When the British fashion design duo Antoni & Alison bought a derelict 1820s house, they spent a year, they say, "Going, 'Agh! What do we do with it?'" They wanted to respect its history but not to the point that it resembled an English Heritage property. The result is a surprisingly beautiful blend of giant Mr Blobby ornaments and painstakingly salvaged authenticity (above). On 17 September, as part of London Fashion Week, they open it to the public (open houselondon. I asked Antoni what he'd learnt during the restoration...

Arts Council warns of 'severe cuts'

Arts Council-funded organisations will have an across-the-board cut of almost 7% in their grants next year, it was announced today.

Ono to unveil Lennon blue plaque at former home

John Lennon's widow Yoko Ono will today unveil a plaque commemorating his life and contribution to music.

The 50 best museums & galleries

From secret spooks at Bletchley Park to sartorial splendour at the V&A, Rhiannon Batten presents the essential guide to the nation’s finest art, hidden history and coolest culture

Main points from the Comprehensive Spending Review

Here are the main points from Chancellor George Osborne's statement on the Comprehensive Spending Review:

Even Eastwood could not save arts body

It's not every quango that has Clint Eastwood lobbying for its retention. In fact, it's only one. But the Hollywood star has failed to save the UK Film Council, whose abolition is now confirmed, along with that of a handful of other bodies funded by the Department of Culture, Media and Sport.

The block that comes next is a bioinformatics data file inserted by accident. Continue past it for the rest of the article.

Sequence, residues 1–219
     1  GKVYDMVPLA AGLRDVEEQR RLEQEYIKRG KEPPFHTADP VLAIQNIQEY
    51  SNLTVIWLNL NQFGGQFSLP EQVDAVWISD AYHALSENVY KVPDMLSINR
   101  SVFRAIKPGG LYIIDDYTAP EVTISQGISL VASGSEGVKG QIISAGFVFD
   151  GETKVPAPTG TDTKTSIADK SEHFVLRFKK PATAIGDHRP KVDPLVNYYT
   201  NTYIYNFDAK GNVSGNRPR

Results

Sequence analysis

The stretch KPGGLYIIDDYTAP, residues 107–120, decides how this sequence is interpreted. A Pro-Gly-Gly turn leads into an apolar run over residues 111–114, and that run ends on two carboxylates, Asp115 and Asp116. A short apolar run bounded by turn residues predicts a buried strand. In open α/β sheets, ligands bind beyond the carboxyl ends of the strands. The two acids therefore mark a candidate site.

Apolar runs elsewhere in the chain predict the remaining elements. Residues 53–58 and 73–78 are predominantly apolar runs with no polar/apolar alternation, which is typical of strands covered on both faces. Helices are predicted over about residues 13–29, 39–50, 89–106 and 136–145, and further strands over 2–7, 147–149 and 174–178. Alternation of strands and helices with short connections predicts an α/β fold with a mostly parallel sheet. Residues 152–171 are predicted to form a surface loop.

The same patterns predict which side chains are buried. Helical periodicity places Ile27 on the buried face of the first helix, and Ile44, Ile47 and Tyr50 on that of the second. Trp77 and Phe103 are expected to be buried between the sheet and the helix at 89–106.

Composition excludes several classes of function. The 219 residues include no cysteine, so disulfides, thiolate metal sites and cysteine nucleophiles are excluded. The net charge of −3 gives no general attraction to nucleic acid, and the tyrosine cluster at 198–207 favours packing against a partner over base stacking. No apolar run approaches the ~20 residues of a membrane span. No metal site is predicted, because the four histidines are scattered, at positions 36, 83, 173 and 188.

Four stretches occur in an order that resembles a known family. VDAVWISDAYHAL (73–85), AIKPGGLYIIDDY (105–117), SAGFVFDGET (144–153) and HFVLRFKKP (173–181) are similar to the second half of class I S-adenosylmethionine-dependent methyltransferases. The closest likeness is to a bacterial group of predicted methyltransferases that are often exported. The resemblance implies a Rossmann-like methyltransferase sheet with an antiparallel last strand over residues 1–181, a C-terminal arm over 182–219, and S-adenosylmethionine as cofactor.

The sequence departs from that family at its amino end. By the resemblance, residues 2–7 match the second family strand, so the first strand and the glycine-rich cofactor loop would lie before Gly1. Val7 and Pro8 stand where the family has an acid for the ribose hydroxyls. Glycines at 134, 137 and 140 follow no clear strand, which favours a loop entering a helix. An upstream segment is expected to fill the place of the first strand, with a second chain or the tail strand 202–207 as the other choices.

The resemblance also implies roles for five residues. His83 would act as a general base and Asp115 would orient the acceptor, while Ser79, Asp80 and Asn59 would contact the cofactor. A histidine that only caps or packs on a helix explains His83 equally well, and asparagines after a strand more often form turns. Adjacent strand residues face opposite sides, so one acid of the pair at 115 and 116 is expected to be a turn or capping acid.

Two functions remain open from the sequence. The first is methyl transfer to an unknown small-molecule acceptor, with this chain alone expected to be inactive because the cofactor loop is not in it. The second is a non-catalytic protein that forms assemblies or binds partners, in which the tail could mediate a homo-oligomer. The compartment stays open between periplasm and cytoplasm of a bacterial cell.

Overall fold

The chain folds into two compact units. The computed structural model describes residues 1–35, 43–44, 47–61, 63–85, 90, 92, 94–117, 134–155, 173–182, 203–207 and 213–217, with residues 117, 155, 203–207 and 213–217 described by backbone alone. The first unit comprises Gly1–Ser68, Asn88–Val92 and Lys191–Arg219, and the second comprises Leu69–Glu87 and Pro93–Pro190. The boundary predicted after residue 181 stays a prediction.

Betfair considers offshore move

Betfair, the soon to be floated betting exchange, has drawn up plans to move its business offshore.

Inside Lines: The axeman cometh and sport now faces the unkindest cut

With 10 days to go before the Coalition Government starts wielding the financial axe, sport is quaking in its trainers, fearing the worst. Of course, there is no reason why games and those who play them should be exempt from the coming cuts that will hit us all, even with the Olympics looming. But there are genuine concerns that while the Sports Minister, Hugh Robertson, is fighting sport's corner, his boss at the Department of Culture, Media and Sport, the lambada-dancing Jeremy Hunt, may be rather less sympathetic. The ultra-ambitious Hunt has, I hear, already ruffled feathers at Locog, the 2012 Games organising com-mittee, despite his lack of sporting nous, and the worry is that he may be more protective of the luvvies than the jocks. So alarm bells are ringing in sports organisations, not least the cash distributors UK Sport and Sport England, who face budget cuts of up to 40 per cent. Even Robertson reckons sport has to be prepared for bad news, though he promises: "It is my absolute intention to protect funding for athletes and to make sure that all sports have their plans to increase participation up and running."